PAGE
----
I never thought I’d spend Purim day on the phone with Wildlife Rescue trying to save a small, injured bird. On a walk with a friend to a nearby gorge where I live in Ithaca, NY, we silently admired the trees, with their roots somehow afloat, twisted and elegant above the water’s edge, and the icicles latching onto the gorge walls next to the bright green lichen. Out of the corner of my eye, I noticed another natural phenomenon. A beautiful black and white bird, injured and struggling to get up from the snow. As we walked over, admiring its beauty and feeling its pain, my mind couldn’t help notice the symbolism of a beautiful bird flailing and struggling on a day that is supposed to be a day of joy, expanse, and freedom and instead marks one year since the pandemic hit the Jewish world, restricting our movement and freedom in ways we then did not know were possible.
While normally I might have said a few words and walked away, understanding the natural cycles of life and death in the wild, something about this bird and their unrelenting fight to get up from the snow hooked me. I tried walking away, taking a few steps on the slick melting snow, and I was pulled right back. I called Wildlife Rescue and, to my surprise, they came to the site within minutes, gently placing the bird into a little box and transporting it to the wildlife rehabilitation section of the animal hospital. On our walk back up the trail, carefully holding precious life encased in a cardboard box, the vet told me that our bird was called a Nuthatch. “They’re the ones known for eating upside down,” she said. On Purim, the day where we read in Megillat Esther that everything is turned on its head, v’nafoch hu, we were helping rescue a bird that, upon more research I discovered is called “the upside down bird,” as it is the only species of bird that can walk completely head-first down a tree.
The role of a SVARA Bet Midrash Fairy isn’t so different than that of a Nuthatch. We use our glittery wings to flutter in and out of a hevruta pair’s physical or zoom space. Once in the space, we gently guide them in the right direction. Much like the Nuthatch who evolved to walk upside down in order to gain a different perspective and find hidden seeds for nourishment, our job as fairies is to help turn the hevruta pair’s gaze towards a new and often unexpected direction in order to glean new insights. And, in some ways, our role as fairies in the lives of students is similar to the role of Purim in our souls; to help us see things in a new way, opening us to greater opportunities to be face to face with the world and the text. Read More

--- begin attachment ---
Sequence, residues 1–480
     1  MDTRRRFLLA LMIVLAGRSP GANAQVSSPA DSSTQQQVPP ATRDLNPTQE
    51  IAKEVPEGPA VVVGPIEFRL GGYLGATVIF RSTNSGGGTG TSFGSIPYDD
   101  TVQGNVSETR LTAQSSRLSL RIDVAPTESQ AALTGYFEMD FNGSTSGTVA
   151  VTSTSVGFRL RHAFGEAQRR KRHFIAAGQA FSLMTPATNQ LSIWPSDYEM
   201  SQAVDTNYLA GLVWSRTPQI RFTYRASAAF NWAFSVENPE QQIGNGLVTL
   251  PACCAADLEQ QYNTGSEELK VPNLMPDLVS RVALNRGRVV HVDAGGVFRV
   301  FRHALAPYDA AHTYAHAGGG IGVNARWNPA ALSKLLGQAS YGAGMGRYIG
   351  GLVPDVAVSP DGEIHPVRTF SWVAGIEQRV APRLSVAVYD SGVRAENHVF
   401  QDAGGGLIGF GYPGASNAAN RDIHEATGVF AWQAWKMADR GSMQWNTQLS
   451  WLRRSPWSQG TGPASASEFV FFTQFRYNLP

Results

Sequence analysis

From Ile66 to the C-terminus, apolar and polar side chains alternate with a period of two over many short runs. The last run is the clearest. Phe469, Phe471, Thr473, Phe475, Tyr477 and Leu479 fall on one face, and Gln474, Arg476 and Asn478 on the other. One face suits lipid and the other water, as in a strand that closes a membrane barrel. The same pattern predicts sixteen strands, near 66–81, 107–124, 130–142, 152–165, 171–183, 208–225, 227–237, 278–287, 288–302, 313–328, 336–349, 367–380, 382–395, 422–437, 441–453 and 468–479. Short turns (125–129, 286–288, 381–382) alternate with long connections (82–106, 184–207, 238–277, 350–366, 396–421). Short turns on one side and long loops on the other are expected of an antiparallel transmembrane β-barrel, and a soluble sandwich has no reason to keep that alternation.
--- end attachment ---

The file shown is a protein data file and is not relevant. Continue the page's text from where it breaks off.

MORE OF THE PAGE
Today, I remember. I remember vividly the all-consuming sadness I felt last Purim, as the sun was setting and my celebratory seudah was ending, the last event I attended with a large Jewish community. I remember feeling overcome with the intuitive sense that it would be a long, long time before I would daven with a minyan, learn in a physical bet midrash, and otherwise gather to sing, celebrate, learn, mourn, and grieve with others outside of my small pod. I also distinctly recall not knowing how to explain my sorrow. Last Purim, we knew there was a deadly, dangerous virus looming. I remember the conversation surrounding the question of whether one could attend a virtual Megillah reading. Were the circumstances really that grave that a virtual reading could be sufficient for those for whom in person gatherings took religious precedence? Surely this outbreak will be a few months at most—we’ll be back to “normal” by Shavuot.
As I think back over this turbulent year, I am humbled by my own sense of assumed knowing, on a holiday that is all about not knowing. Purim is, after all, many things. It is a holiday about opposites, reversals, revelations, and concealments. It is also understood to be about knowing and not knowing. Traditionally, one is supposed to drink until they cannot tell the difference between blessed is Mordechai and cursed is Haman. It should go without saying but I feel absolutely obligated to say that this knowing and not knowing is not only achieved through the use of intoxicating substances. Our sages also teach that the knowing and not knowing is about achieving a mystical union with all that is. For those of us who are spiritually inclined but for whom achieving mystical union with all that exists feels a bit too abstract or out there, we can also think of this idea of knowing and not knowing as related to the Gemara’s famous teaching in Shabbat 88a concerning our acceptance of the Torah at Sinai.
The Gemara cites additional homiletic interpretations on the topic of the revelation at Sinai.